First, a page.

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PD-1 Blockade in Anaplastic Thyroid Carcinoma

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Published:9th Aug 2020
Author: Capdevila J, Wirth LJ, Ernst T, Ponce Aix S, Lin CC, Ramlau R et al.
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Ref.:J Clin Oncol. 2020 Aug 10;38(23):2620-2627.
PD-1 Blockade in Anaplastic Thyroid Carcinoma

Anaplastic thyroid carcinoma is an aggressive malignancy that is almost always fatal and lacks effective systemic treatment options for patients with BRAF-wild type disease. As part of a phase I/II study in patients with advanced/metastatic solid tumors, patients with anaplastic thyroid carcinoma were treated with spartalizumab, a humanized monoclonal antibody against the programmed death-1 (PD-1) receptor.

Methods: We enrolled patients with locally advanced and/or metastatic anaplastic thyroid carcinoma in a phase II cohort of the study. Patients received 400 mg spartalizumab intravenously, once every 4 weeks. The overall response rate was determined according to RECIST v1.1.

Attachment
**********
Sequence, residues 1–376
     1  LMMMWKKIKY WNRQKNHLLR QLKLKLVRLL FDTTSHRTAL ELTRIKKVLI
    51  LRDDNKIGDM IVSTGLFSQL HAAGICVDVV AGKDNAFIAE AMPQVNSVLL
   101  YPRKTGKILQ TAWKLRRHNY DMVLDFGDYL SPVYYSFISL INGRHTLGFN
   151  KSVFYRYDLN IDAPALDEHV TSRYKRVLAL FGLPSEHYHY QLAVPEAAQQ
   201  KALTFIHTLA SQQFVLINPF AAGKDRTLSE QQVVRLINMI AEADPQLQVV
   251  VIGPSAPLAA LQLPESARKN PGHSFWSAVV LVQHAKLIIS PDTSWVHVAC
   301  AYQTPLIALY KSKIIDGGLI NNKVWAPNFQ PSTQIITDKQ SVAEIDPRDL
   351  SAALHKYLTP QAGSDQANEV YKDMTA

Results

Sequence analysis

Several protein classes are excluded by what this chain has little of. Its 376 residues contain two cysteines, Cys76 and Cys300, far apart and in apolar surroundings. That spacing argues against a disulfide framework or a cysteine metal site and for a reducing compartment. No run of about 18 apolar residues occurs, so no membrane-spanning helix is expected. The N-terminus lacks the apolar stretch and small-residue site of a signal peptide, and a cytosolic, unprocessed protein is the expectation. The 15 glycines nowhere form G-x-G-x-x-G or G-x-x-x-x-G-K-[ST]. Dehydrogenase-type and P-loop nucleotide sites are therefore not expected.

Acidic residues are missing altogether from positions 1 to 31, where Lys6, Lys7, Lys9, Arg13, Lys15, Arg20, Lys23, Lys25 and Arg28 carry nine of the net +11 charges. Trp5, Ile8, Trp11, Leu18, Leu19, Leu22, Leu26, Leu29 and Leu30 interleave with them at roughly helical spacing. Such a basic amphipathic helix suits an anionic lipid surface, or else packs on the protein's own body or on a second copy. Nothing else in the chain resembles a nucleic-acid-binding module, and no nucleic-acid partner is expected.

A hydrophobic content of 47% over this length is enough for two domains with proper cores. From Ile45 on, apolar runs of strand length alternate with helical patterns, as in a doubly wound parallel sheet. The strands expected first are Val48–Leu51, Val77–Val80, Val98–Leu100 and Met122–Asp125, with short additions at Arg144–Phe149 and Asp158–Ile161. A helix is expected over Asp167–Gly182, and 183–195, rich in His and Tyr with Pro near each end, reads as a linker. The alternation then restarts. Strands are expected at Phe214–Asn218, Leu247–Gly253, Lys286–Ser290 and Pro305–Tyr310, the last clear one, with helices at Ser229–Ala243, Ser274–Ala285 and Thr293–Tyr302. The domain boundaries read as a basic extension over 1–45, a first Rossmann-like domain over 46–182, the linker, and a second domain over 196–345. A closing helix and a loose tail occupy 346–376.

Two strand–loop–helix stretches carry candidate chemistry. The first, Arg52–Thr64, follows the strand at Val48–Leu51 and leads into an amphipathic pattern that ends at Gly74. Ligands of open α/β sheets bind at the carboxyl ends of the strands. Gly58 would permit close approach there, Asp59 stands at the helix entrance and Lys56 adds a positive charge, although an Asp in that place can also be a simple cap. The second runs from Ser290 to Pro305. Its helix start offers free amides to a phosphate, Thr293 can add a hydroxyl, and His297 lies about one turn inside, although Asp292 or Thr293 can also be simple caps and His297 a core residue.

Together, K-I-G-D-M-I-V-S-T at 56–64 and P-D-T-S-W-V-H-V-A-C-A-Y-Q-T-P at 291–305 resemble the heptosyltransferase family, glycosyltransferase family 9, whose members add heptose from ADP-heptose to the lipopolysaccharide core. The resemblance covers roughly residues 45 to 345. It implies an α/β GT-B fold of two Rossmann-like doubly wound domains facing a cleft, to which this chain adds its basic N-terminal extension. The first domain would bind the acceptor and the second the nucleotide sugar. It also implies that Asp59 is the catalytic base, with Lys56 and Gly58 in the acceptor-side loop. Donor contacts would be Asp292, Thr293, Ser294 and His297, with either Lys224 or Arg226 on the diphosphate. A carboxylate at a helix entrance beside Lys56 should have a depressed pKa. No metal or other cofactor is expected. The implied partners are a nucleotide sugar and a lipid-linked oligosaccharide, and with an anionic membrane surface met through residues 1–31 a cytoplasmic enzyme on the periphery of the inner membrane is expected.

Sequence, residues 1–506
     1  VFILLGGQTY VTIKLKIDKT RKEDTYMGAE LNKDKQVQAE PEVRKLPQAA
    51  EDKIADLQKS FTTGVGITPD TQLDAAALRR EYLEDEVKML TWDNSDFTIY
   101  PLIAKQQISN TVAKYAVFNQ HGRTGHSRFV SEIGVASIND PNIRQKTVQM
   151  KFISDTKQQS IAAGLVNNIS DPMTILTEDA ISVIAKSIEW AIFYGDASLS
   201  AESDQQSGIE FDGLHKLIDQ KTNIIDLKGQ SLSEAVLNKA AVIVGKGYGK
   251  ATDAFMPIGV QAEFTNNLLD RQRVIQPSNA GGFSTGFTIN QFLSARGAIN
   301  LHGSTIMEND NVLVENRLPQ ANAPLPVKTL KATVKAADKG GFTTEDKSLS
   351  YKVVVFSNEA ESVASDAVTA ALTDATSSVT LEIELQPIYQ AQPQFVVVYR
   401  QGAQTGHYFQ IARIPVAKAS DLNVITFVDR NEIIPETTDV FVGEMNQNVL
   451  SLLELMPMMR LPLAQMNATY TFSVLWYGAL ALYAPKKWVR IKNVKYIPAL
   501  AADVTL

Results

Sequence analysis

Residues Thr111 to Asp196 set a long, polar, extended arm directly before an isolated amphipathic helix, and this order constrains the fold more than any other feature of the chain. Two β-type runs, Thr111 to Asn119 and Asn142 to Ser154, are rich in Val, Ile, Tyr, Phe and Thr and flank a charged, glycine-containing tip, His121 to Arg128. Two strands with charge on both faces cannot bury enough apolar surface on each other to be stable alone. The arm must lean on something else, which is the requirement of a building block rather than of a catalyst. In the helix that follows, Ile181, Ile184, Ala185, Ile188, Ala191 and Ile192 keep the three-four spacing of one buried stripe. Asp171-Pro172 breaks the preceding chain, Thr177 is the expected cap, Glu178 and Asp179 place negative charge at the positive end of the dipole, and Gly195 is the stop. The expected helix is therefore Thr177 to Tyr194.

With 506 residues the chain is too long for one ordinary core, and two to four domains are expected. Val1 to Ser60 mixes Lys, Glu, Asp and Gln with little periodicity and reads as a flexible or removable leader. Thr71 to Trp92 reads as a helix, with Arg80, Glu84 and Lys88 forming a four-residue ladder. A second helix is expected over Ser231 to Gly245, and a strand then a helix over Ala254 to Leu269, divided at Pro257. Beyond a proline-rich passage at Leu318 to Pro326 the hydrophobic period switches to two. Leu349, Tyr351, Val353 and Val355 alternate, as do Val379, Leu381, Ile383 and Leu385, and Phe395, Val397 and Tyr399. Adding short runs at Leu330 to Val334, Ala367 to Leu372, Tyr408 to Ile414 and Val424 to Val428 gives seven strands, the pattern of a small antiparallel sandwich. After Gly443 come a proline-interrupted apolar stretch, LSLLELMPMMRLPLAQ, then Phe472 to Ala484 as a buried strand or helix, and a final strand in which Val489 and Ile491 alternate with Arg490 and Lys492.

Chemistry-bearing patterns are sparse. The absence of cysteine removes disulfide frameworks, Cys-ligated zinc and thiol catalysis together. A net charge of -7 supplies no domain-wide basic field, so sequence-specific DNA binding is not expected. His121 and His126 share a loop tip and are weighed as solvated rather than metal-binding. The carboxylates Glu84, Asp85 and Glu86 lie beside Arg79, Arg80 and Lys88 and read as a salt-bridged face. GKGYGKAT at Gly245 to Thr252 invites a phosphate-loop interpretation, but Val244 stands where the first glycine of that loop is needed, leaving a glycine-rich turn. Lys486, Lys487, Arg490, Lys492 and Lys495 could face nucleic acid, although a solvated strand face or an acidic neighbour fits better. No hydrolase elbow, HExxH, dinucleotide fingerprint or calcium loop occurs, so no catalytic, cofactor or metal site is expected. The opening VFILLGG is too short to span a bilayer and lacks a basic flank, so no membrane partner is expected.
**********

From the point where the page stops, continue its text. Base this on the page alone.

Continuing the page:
Results: Forty-two patients were enrolled. Adverse events were consistent with those previously observed with PD-1 blockade. Most common treatment-related adverse events were diarrhea (12%), pruritus (12%), fatigue (7%), and pyrexia (7%). The overall response rate was 19%, including three patients with a complete response and five with a partial response. Most patients had baseline tumor biopsies positive for PD-L1 expression (n = 28/40 evaluable), and response rates were higher in PD-L1-positive (8/28; 29%) versus PD-L1-negative (0/12; 0%) patients. The highest rate of response was observed in the subset of patients with PD-L1 ≥ 50% (6/17; 35%). Responses were seen in both BRAF-nonmutant and BRAF-mutant patients and were durable, with a 1-year survival of 52.1% in the PD-L1-positive population.

Conclusion: To our knowledge, this is the first clinical trial to show responsiveness of anaplastic thyroid carcinoma to PD-1 blockade.

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